this is some terrible news to read right after a terrible stock market day LOL

    • hansman1982

      is was a great day for me – all bonds today – let them eat cake!

  • Serious Cubs Fan

    Not good news

  • BT

    Um… Darn.

    • http://www.bleachernation.com Brett

      I keep trying to explain to myself why I’m overreacting in my concern (this is “comment Brett” talking, not “author Brett” – comment Brett is a fan like everyone else, prone to overreaction and negativity). But I can’t convince myself. I’m very, very concerned.

      • Cubmig

        I am too. What if there is a ripple effect that has retroactive implications? How might that threaten current Latino players?

  • oswego chris

    do you think they sit around in little rooms behind the glass like in the movie Taken and push buttons while a creepy voice describes the Cubans?

    “This one looks to be in his early 20’s, and is a shortstop”
    “This left-handed beauty throws in the low 90’s and could easily sucker some MLB team into a multi-major league deal at 1.5 per”
    “These two are siimilar to the ones the White Sox bought from us years ago”

    that’s what I picture now when I hear “human trafficking”

    • cjdubbya

      If Theo Epstein pulls a Liam Neeson role in this movie, I’m all for it. Except he’s the one buying, and they’re all treated fairly, and they star in a World Series title team on the North Side.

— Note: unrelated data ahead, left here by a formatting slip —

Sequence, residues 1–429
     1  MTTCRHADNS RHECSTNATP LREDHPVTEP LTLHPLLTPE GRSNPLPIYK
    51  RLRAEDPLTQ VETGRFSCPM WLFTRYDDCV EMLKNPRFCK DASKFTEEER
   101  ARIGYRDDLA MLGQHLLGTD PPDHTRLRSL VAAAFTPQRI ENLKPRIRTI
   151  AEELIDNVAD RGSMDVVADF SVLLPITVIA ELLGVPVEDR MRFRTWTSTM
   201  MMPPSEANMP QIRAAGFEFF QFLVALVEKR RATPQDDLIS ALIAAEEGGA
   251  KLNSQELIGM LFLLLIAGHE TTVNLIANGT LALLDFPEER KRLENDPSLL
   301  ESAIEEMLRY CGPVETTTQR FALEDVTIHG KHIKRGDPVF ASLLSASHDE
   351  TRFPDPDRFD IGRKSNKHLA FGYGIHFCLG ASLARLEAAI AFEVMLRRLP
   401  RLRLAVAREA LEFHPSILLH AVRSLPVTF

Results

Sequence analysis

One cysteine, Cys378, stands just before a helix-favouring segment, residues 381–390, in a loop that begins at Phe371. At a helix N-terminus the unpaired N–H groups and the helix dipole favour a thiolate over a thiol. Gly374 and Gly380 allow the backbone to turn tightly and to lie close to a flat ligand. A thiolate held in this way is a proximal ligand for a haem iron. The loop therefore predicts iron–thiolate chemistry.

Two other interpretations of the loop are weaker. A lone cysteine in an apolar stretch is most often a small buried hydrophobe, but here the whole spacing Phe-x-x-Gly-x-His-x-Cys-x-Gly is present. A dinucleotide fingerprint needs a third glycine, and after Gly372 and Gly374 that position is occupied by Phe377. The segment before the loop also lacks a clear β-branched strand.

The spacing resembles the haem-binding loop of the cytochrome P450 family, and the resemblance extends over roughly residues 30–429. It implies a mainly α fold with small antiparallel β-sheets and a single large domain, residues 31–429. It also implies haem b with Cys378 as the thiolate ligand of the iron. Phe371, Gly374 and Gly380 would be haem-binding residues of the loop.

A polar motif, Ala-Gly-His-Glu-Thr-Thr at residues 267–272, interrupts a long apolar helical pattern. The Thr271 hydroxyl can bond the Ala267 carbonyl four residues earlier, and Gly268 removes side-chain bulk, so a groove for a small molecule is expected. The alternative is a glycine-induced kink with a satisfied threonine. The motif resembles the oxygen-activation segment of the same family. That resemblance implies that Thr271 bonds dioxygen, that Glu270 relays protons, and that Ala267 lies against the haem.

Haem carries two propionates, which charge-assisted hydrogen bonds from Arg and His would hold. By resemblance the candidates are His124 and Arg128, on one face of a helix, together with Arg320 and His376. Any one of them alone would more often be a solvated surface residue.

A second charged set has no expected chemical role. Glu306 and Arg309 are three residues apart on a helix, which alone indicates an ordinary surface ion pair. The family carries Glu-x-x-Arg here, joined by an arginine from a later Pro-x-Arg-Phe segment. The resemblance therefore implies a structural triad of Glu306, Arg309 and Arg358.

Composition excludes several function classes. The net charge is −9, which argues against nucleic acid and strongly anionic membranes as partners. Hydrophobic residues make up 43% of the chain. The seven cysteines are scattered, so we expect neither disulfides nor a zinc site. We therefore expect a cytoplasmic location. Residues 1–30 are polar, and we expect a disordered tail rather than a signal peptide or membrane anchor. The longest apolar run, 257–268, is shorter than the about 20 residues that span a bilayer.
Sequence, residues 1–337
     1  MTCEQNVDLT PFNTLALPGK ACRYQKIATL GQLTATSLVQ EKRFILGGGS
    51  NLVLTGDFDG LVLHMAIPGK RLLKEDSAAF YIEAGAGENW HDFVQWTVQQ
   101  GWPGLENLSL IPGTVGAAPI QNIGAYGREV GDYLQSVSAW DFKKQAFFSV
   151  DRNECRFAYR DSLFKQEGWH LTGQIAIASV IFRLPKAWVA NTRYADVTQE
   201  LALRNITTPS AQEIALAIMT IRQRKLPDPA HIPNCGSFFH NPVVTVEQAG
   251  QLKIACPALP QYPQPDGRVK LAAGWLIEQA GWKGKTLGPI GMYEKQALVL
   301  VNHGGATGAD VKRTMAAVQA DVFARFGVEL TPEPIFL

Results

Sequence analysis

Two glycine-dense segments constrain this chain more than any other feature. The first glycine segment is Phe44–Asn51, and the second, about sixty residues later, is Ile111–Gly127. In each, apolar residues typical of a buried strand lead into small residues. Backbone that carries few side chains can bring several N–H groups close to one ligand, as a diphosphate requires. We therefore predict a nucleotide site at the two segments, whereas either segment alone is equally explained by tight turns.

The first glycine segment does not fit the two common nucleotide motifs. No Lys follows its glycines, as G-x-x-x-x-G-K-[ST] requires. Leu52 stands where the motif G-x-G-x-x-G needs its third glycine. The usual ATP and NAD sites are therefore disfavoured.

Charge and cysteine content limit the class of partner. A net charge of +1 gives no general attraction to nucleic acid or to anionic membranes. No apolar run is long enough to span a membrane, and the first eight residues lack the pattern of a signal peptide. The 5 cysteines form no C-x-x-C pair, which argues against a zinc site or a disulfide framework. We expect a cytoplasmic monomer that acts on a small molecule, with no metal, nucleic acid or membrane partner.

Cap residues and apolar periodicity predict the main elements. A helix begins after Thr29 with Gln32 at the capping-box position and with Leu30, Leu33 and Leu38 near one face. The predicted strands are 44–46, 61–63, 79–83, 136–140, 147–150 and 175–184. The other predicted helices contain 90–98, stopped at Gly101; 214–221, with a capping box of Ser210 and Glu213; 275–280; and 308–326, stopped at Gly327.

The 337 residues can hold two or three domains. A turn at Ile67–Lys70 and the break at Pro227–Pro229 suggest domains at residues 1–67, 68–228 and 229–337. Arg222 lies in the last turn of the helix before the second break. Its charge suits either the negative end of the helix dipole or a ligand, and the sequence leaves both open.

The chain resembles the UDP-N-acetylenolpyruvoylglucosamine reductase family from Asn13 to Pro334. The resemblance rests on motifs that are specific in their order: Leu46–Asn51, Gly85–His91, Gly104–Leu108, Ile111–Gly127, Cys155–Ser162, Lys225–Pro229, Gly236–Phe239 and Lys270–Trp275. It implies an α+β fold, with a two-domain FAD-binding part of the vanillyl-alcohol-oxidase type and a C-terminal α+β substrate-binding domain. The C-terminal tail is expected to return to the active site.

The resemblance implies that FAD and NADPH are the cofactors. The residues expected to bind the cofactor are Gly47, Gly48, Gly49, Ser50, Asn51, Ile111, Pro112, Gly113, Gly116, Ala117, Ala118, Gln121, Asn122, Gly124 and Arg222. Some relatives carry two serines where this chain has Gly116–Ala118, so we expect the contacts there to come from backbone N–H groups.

So Neeson’s bad-a$$-ness from this movie, while not exploiting the people being purchased.

      Obviously this is all very much tongue-in-cheek, because human trafficking by itself is despicable.

      • Ogyu

        The next Austin Powers movie:

        Dr. Evil: All I’m asking for is a few freaking Cuban baseball players with freaking laser beams on their heads!

        • calicubsfan007

          Love it

  • Ogyu

    [commence undue fretting…]

  • JulioZuleta

    Try to look at it on the bright side. If he doesn’t hit free agency by July 2, every team will basically be able to offer him the same amount (give or take). All things being equal, where is he going to sign? My money is on the team that recently signed a few of his teammates/buddies, and was the team that likes him so much that they were ready to pay more than anyone else in the first place. This could end up working out well. Soler for $2.something mil rather than Soler for $27.5 mil? Not too bad.

    • Joker

      I admire your optimism.

      • JulioZuleta

        Just sayin’ it’s not a foregone conclusion that we sign him if he hits before July 2, and it’s not a foregone conclusion that we don’t if he hits after July 2. As much as I want him, I think we all know deep down that there’s a more than likely chance that signing him to a big money deal (like any big money deal for a prospect) probably won’t work out. I know it could work out incredibly, and he could develop into a star, but I think we can agree it’s more likely than not that he does NOT hit his ceiling, or come all that close to it.

        • Steve

          Thats the Cubs spirit Julio!!! Sad but true…
          Now, lets save that $$$ and overpay for _______ and ______ that will end up being bad contracts like Soriano.
          This new CBA crap is wrecking havoc already!!

  • Steve